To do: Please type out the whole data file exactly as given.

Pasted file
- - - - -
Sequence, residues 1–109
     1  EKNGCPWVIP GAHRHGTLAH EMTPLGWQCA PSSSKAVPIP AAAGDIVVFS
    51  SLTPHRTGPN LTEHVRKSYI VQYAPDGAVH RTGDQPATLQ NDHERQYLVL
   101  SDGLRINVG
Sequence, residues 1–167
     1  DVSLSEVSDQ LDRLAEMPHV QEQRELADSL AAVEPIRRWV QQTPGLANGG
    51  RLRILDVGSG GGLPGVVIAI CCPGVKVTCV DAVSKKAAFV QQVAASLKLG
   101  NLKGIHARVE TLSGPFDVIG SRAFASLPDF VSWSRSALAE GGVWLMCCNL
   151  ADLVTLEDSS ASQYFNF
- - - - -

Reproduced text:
Sequence, residues 1–109
     1  EKNGCPWVIP GAHRHGTLAH EMTPLGWQCA PSSSKAVPIP AAAGDIVVFS
    51  SLTPHRTGPN LTEHVRKSYI VQYAPDGAVH RTGDQPATLQ NDHERQYLVL
   101  SDGLRINVG
Sequence, residues 1–167
     1  DVSLSEVSDQ LDRLAEMPHV QEQRELADSL AAVEPIRRWV QQTPGLANGG
    51  RLRILDVGSG GGLPGVVIAI CCPGVKVTCV DAVSKKAAFV QQVAASLKLG
   101  NLKGIHARVE TLSGPFDVIG SRAFASLPDF VSWSRSALAE GGVWLMCCNL
   151  ADLVTLEDSS ASQYFNF